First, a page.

Volume 89 Issue 27 | p. 10 | News of The Week
Issue Date: July 4, 2011

Research Funders To Start Journal

Scholarly Publishing: Nongovernment funding bodies aim to shake up current model
Department: Government & Policy
Keywords: biomedical, journals, publishing
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Tjian
Credit: HHMI
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Tjian
Credit: HHMI
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Walport
Credit: Wellcome Images
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Walport
Credit: Wellcome Images

Three major research funding organizations—Howard Hughes Medical Institute, Max Planck Society, and Wellcome Trust—have teamed up to launch an open-access biomedical journal that aims to publish only the very best research. Key details about the journal—including its name, business model, publisher, and editor-in-chief—have not been decided, and some people are questioning whether such a journal is necessary.

The impetus for the journal, which will debut next summer in an online-only format, was a workshop held last year where many leading scientists stressed their dissatisfaction with current publishing practices. The process is typically too slow and handled by editors who are no longer working scientists, according to Mark Walport, director of Wellcome Trust. The journal will be produced “by scientists for the scientific community,” he noted during a June 27 press conference.

The goal is to speed up the peer review process, so that decisions are made within three to four weeks, and to limit requests for extensive corrections and additional experiments, said Robert Tjian, president of HHMI. The journal’s funders are also considering the idea of paying reviewers as an incentive for a speedy review, but no decisions have been made.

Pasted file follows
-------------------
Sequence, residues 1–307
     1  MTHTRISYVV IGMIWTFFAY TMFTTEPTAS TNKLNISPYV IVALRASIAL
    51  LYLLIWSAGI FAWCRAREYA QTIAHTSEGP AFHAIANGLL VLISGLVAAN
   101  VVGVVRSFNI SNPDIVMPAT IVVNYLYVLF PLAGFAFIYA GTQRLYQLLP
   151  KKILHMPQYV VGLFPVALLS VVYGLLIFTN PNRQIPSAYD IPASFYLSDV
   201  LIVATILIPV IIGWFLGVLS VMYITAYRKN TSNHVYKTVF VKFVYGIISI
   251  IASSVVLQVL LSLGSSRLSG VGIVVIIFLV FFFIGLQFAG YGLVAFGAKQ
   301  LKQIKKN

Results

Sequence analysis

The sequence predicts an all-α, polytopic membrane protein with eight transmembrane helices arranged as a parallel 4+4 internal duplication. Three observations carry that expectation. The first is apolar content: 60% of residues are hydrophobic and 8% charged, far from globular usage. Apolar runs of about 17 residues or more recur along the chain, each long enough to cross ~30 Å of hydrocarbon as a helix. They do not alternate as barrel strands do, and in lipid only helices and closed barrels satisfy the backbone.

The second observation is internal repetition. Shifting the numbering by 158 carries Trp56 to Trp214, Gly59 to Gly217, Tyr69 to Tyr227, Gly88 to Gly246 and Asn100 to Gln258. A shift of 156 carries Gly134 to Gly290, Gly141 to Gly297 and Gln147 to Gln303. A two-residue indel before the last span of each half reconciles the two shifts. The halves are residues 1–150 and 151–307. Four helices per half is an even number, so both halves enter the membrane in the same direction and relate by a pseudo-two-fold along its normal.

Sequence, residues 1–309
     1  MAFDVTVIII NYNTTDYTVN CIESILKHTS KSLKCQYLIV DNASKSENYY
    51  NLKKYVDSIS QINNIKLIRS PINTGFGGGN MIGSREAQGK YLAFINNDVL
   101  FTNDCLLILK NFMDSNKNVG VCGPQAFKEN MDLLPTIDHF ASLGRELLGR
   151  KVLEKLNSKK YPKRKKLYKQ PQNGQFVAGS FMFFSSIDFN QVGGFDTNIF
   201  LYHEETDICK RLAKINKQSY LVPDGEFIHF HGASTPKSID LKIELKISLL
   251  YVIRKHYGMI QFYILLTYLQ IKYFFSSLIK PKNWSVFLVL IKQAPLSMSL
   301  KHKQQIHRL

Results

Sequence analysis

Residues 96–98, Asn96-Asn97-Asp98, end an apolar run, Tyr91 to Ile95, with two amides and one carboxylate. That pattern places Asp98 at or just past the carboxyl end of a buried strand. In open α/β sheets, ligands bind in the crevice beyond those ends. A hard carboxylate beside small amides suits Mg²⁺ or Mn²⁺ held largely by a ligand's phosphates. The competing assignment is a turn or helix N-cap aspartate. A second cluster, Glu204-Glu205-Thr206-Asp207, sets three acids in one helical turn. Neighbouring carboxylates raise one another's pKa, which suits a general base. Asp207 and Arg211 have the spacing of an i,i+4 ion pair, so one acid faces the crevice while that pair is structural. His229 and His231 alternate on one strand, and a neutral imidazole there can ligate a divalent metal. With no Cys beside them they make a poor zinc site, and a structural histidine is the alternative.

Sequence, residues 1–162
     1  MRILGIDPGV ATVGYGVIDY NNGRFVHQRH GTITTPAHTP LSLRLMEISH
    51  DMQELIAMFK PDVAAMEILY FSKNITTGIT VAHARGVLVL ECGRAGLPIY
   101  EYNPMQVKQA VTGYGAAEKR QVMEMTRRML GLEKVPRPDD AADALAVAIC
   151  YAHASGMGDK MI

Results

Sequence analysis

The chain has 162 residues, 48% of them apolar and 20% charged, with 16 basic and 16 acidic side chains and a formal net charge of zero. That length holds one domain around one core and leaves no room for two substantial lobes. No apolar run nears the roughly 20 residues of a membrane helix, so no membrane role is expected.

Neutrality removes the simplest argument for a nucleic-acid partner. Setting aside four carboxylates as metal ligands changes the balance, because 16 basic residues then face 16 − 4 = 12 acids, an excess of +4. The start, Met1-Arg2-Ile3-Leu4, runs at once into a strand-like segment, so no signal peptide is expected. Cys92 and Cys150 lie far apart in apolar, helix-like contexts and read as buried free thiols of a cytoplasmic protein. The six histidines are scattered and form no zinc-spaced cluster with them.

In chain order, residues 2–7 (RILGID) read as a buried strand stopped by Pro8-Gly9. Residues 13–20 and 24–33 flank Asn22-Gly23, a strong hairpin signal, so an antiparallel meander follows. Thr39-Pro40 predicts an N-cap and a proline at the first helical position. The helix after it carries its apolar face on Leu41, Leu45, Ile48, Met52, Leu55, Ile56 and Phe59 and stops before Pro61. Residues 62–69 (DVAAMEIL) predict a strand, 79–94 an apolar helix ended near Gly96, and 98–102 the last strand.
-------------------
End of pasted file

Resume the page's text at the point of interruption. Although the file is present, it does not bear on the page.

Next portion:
Unlike most open-access journals, the new journal will not charge authors fees to publish their papers, at least in the beginning. The journal will be entirely supported by the three funding organizations to ensure a successful launch, and it will eventually transition to a more sustainable business model to be developed by the editor-in-chief.

Some observers, however, point out that many of the desired attributes are already embodied by journals published by scientific societies, such as the American Chemical Society, which publishes C&EN and dozens of journals. For example, editors of ACS journals are active scientists, papers are published promptly after acceptance, and authors can pay a fee to give the public free access to their papers, notes Glenn S. Ruskin, director of the ACS Office of Public Affairs.

The new journal likely will not drive scientific societies out of the biomedical publishing business. As Ruskin says, “We expect that introduction of this new journal will complement rather than detract from our publishing program.”

 
Chemical & Engineering News
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